Medicaid Recovery Update

Medicaid and Medicare are secondary payers when a third party has a legal obligation to pay certain medical benefits for the beneficiary in the programs. In the past, Medicaid’s recovery of its payments from the third party tort settlement or award was limited to the portion of the settlement or award that was allocated for medical expenses. The passage of the Bipartisan Budget Act of 2013 modified this and will allow Medicaid to recover its costs from a beneficiary’s full personal injury settlement or award. The implementation of this portion of the budget bill is set for October 1, 2016. Medicaid’s scope of recovery will now be consistent with that allowed under the Medicare program. Medicare’s regulation, found in section 411.37 of 42 CFR, provides that Medicare may recover up to the amount of settlement or award less procurement costs, when the conditional payments exceed the settlement or award.

State Medicaid programs are becoming increasingly aggressive in their reimbursement efforts. The recent case of Amy Rathbun et al vs Health Net of the Northeast, Inc. (SC 18928) decided by the Supreme Court of Connecticut on March 10, 2015, addressed the right of the Medicaid program administrator to pursue reimbursement for medical costs directly from the beneficiaries’ third party settlements. The beneficiaries, Rathbun and Brayboy’s daughter had both been involved in separate motor vehicle accidents that resulted in Medicaid’s payment of medical expenses. When Rathbun and Brayboy on behalf of her deceased daughter, settled their third party claims, Health Net, the administrator of the state of Connecticut’s Medicaid program, sought to recover the amounts paid by Medicaid from the plaintiffs’ settlements. The plaintiffs challenged this right in court arguing that the General Statutes Section 17b-265 (a) that pertained to Medicaid’s right of reimbursement, only allowed Health Net to bring an action against the alleged tortfeasors and not the plaintiffs. Health Net countered that such an action would be unnecessary since it had been assigned the rights of the Medicaid program.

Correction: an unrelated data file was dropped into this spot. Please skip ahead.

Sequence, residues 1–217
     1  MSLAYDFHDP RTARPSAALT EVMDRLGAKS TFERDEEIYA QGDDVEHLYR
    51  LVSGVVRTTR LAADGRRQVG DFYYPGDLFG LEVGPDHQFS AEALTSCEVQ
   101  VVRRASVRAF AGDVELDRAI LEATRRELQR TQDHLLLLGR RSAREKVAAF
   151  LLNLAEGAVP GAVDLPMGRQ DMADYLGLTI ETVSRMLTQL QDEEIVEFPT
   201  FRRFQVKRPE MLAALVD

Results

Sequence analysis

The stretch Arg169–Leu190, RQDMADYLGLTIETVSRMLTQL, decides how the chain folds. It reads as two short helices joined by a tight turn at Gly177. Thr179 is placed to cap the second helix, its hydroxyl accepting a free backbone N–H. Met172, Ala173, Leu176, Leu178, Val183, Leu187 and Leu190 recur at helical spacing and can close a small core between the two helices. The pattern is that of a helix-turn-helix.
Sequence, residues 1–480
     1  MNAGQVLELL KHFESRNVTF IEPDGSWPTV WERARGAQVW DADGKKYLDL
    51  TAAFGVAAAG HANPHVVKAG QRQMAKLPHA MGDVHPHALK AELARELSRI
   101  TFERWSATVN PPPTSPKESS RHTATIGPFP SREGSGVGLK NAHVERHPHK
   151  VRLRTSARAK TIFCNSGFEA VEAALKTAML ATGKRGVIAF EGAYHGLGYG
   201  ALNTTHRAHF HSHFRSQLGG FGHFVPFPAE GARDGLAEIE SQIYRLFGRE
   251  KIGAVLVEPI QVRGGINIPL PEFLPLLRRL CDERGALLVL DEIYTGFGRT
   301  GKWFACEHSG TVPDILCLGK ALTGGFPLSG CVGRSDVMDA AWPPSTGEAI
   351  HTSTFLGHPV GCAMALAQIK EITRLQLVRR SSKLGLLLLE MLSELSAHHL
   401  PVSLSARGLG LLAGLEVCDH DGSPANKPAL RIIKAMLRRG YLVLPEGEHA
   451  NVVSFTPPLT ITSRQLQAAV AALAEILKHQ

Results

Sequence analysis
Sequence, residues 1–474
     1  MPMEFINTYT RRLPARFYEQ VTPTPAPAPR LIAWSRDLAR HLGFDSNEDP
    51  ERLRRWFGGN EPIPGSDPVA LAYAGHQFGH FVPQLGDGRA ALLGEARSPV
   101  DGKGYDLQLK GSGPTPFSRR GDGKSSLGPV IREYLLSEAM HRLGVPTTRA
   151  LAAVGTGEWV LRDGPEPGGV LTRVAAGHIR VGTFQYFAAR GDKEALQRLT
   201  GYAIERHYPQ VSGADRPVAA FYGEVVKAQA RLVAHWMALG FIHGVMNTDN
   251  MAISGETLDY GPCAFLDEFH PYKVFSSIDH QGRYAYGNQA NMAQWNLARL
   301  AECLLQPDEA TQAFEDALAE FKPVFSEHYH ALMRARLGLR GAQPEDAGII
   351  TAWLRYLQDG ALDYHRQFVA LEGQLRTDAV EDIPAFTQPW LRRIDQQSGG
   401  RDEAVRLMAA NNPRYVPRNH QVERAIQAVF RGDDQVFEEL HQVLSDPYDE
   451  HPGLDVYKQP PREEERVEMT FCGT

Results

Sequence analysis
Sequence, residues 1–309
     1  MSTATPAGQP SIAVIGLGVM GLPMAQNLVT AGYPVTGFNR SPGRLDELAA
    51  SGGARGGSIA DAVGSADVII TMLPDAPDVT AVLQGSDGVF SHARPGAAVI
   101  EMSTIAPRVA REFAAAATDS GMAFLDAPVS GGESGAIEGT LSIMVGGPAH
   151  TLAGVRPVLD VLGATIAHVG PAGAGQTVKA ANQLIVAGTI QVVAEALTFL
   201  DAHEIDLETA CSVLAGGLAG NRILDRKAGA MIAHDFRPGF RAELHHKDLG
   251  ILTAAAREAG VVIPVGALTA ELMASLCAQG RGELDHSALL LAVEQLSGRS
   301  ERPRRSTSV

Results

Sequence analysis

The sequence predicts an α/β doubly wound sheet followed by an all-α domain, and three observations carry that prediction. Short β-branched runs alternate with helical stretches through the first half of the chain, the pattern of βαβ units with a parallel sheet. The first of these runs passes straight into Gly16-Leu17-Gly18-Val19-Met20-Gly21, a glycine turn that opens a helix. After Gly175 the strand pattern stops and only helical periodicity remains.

The Supreme Court of Connecticut reviewed the language of the statute and legislative history in analyzing the case. It noted Congress’ mandate that Medicaid be a payer of last resort and that states must seek reimbursement of Medicaid funds paid to recipients. Reimbursement may be effectuated through an assignment of rights, a right of subrogation and through a lien. The Court concluded that Health Net was entitled to pursue reimbursement from the plaintiffs’ settlements. It found that the Connecticut General Statutes Section 17b-265(a) should be viewed as one that incorporates common-law subrogation principles into its statutory subrogation right. It saw no reason why the Section would exclude the Medicaid program’s right to seek reimbursement from Medicaid recipients that receive a settlement.

In light of the Medicaid and Medicare programs reimbursement rights, parties to a settlement should investigate the existence of such payments early on in the settlement discussion process. Information regarding payments may be secured through the state Medicaid programs and Medicare’s Coordination of Benefits contractors. It is also important that the settlement agreement outline the parties’ responsibilities to satisfy or negotiate the reimbursement claims.

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